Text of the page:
From MIX Magazine
In this abridged version, first seen in issue 40 of MIX Magazine, we ask can architects use colours sourced from vernacular architecture to give identity to new projects?
As globalism becomes ever more pervasive in architecture, there’s a surge of interest in grounding architecture in place. Embracing regionalism and acknowledging local cultural traditions, vernacular architecture has a strong appeal. But there’s another reason to learn from vernacular architecture; a unique and often inspiring use of colour.
The way colour is used in many regions could be considered incidental, a pragmatic approach that is about using often-scarce available resources and materials unique to a specific region. But there’s more to it than that; the use of colour when freed from the restraints of globalism becomes a master-class in bold and fearless juxtapositions of shade and an innate understanding of light and how colours interact with the particular conditions of a particular location.
According to Linda Thiel, Architect at Swedish architectural practice White, we have much to learn from vernacular architecture. “The colour and material has to do with function, and what is possible to produce on location. Nowadays, with more focus on sustainability and locally produced material and colour, maybe we are going back to this, to our roots and also the way that light is different in different places. This will again reflect the choice of colour and material on buildings.”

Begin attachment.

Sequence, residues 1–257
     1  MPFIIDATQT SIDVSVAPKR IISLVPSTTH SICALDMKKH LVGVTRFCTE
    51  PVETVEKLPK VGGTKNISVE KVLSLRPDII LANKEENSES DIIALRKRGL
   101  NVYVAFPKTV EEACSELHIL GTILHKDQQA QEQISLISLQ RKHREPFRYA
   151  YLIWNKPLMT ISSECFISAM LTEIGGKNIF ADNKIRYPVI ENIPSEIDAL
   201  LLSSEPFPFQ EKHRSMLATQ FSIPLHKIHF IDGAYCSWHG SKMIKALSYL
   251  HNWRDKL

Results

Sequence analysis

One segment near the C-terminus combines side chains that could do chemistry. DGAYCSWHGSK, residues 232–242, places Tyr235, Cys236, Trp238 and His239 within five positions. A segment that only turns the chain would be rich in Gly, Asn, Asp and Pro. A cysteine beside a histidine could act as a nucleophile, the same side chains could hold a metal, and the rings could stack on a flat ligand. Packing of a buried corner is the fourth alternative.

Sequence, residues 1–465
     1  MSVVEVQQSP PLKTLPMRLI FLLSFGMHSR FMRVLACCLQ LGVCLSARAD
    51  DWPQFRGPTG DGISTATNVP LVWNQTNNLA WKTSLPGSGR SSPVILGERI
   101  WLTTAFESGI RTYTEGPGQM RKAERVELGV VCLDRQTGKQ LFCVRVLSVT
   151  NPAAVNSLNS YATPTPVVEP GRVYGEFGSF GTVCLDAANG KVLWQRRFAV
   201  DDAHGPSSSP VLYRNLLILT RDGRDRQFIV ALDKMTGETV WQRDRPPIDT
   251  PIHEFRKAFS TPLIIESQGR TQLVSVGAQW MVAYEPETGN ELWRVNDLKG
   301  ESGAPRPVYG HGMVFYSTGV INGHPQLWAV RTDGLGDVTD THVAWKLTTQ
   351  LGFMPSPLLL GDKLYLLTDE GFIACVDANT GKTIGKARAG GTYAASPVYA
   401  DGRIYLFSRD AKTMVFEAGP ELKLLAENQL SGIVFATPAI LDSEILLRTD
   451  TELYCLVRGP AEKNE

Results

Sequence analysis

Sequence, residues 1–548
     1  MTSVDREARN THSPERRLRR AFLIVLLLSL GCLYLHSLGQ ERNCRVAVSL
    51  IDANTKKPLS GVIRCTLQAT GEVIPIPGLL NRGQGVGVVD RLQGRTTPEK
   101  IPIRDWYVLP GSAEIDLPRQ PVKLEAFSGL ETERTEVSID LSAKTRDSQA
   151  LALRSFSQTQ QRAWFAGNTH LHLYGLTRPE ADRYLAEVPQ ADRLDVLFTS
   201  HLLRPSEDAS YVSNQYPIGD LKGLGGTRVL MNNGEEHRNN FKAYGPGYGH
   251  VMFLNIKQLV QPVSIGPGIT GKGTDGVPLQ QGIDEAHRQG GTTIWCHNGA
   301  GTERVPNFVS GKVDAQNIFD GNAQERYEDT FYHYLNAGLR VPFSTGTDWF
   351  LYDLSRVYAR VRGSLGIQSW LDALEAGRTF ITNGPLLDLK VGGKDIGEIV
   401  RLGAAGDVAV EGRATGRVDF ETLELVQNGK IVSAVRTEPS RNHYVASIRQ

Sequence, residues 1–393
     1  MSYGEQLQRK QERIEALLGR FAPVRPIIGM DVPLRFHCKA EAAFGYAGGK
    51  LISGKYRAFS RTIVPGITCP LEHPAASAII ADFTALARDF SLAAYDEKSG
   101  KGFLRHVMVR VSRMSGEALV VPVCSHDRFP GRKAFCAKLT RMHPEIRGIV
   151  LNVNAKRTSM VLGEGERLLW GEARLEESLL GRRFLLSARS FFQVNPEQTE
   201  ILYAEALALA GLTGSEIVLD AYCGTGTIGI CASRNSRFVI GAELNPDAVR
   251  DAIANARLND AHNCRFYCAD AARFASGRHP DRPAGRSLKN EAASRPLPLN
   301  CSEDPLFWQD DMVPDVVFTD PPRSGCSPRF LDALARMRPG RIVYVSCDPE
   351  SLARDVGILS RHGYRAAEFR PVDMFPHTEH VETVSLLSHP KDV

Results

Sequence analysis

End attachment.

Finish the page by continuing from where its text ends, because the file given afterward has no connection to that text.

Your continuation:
Studying vernacular architecture can also provide inspiration on how best to imbue structures with a strong sense of place. For Christian Male, Practice Partner SimpsonHaugh and Partners, the most successful example of colour and environment working in perfect synchronicity is not even a building. “The Golden Gate Bridge in San Francisco takes the rich red of the hills and the extraordinary light from the Pacific and then captures the colour in a way that looks entirely natural and right,” he says.
However Meredith Bowles, Director, Mole Architects, does have reservations about the applications of vernacular colour, especially if adopted in isolation. “I’m a believer that architects should make places that come together, where the sum of individual buildings adds up to something extraordinary. The most impressive cities have a cohesiveness that is often derived from an unwritten rule about scale, colour, and building types. Making a coloured building to stand out is unlikely to add value to a place, unless the use of the building suggests otherwise,” he says.